Pro-Life groups are what we can call deontologists. Since they strongly value life, no matter what the reasons are, ending a life is just wrong for them. I have to admit it, sometimes having a deontologist point of view is necessary to distinguish a bad action from a good one. However, in this case I believe that they should realize that we are in the 21st century. All the reasons for abortion which you mentioned earlier are part of our society: Rape, failing of contraceptives, bad environment. It is not a secret that in the past women did not have as many rights as today and so those reasons for abortion were kept a secret. But today women have rights and therefore have the right to speak up and decide whether or not they are ready to have a baby. However, I do believe that it is a doctor’s obligation to verify if a woman is using abortion constantly. If she is, it is important to make sure that she uses it for the reasons you mentioned in your article and not for a contraception method.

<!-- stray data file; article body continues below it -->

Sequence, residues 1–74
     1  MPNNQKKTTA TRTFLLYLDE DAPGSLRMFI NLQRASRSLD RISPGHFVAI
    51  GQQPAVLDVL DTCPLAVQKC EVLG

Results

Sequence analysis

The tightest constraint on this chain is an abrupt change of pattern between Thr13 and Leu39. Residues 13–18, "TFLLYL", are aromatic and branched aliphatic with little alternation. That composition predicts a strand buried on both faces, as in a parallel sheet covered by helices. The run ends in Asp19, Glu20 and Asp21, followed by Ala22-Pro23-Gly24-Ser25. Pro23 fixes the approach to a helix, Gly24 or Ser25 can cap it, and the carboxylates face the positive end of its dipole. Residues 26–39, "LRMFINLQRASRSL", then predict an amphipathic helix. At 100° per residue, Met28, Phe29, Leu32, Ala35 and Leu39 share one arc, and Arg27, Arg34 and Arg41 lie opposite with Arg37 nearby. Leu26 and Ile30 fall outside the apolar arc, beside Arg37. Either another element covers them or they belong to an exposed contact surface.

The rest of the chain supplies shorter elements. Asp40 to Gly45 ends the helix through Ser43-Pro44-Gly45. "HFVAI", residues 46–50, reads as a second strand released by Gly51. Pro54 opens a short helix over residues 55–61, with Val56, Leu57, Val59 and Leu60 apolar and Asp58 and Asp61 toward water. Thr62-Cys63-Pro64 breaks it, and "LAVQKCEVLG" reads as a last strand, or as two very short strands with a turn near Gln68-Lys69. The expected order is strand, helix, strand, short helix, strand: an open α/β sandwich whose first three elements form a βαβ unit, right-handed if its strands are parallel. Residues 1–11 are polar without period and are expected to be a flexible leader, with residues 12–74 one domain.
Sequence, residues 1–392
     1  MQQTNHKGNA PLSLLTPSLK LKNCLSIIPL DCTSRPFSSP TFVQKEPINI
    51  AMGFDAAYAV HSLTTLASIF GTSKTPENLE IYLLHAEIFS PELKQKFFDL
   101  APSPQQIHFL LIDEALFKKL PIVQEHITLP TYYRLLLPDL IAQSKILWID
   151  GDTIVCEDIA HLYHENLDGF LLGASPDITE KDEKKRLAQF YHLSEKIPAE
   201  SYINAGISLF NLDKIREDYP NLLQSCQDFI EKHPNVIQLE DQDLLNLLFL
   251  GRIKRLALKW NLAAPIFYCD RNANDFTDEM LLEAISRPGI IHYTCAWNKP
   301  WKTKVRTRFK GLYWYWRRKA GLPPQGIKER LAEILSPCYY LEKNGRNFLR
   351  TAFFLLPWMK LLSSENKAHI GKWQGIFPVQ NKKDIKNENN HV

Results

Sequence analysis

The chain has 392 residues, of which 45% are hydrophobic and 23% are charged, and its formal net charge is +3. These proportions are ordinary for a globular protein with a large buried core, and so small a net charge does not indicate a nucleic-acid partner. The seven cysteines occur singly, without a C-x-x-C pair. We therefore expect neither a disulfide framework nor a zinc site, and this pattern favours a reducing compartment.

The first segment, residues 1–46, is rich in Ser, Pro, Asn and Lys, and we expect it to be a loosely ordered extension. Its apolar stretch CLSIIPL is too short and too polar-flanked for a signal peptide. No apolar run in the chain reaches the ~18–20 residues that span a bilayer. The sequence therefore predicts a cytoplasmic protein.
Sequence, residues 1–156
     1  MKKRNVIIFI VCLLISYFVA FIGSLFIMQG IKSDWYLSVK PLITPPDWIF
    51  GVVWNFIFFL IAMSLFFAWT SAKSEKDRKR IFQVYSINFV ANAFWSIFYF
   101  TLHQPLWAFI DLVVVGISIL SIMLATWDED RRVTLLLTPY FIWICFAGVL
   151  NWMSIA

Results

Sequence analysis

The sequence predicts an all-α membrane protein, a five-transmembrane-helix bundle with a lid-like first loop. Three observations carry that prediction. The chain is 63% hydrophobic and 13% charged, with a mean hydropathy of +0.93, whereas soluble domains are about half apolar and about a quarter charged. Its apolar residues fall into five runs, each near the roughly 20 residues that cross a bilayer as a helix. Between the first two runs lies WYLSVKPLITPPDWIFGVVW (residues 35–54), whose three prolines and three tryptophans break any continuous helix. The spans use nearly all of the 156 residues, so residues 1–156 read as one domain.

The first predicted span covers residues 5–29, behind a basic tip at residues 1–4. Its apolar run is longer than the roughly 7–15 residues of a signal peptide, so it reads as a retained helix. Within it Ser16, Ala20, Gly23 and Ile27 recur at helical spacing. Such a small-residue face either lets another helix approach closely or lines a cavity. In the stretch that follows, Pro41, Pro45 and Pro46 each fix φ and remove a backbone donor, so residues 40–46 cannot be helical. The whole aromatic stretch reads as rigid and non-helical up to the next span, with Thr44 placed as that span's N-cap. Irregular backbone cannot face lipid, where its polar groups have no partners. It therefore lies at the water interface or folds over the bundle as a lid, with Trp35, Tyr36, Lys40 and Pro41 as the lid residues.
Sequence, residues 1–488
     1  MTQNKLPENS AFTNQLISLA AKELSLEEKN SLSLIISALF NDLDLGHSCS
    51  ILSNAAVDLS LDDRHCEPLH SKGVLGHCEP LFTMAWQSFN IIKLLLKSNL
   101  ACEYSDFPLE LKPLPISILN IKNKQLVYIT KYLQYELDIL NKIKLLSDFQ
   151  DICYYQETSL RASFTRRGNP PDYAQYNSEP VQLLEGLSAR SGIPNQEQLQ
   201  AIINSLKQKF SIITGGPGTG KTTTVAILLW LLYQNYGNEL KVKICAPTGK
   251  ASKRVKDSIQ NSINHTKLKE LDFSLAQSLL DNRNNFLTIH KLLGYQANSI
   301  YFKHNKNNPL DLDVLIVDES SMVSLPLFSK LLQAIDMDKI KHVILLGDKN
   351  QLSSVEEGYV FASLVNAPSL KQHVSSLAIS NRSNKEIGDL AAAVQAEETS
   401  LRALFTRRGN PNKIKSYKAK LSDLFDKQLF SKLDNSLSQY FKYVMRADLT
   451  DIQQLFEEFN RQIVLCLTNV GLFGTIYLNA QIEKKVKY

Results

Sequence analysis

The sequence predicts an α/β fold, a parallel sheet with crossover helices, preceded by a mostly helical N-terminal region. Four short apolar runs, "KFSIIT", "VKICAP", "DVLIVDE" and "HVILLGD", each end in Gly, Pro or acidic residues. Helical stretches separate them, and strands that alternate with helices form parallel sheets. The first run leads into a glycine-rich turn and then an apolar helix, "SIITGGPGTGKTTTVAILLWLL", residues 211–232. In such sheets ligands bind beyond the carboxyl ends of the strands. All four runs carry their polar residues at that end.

I strongly agree with your comment. The pro-life point of view is totally deontological and considers abortion as being wrong whatever the context is. This is why I agree with the pro-choice point of view. I think the most important thing in life is to be happy and if a woman knows that she will not be able to provide for her baby; or she has a style of life that does not fit with having a baby she can take the decision to use abortion. However I don’t think abortion is really used as a contraceptive method since we have way simpler methods but if this is the case the woman should be taken in charge by a doctor who will offer her different contraceptive methods.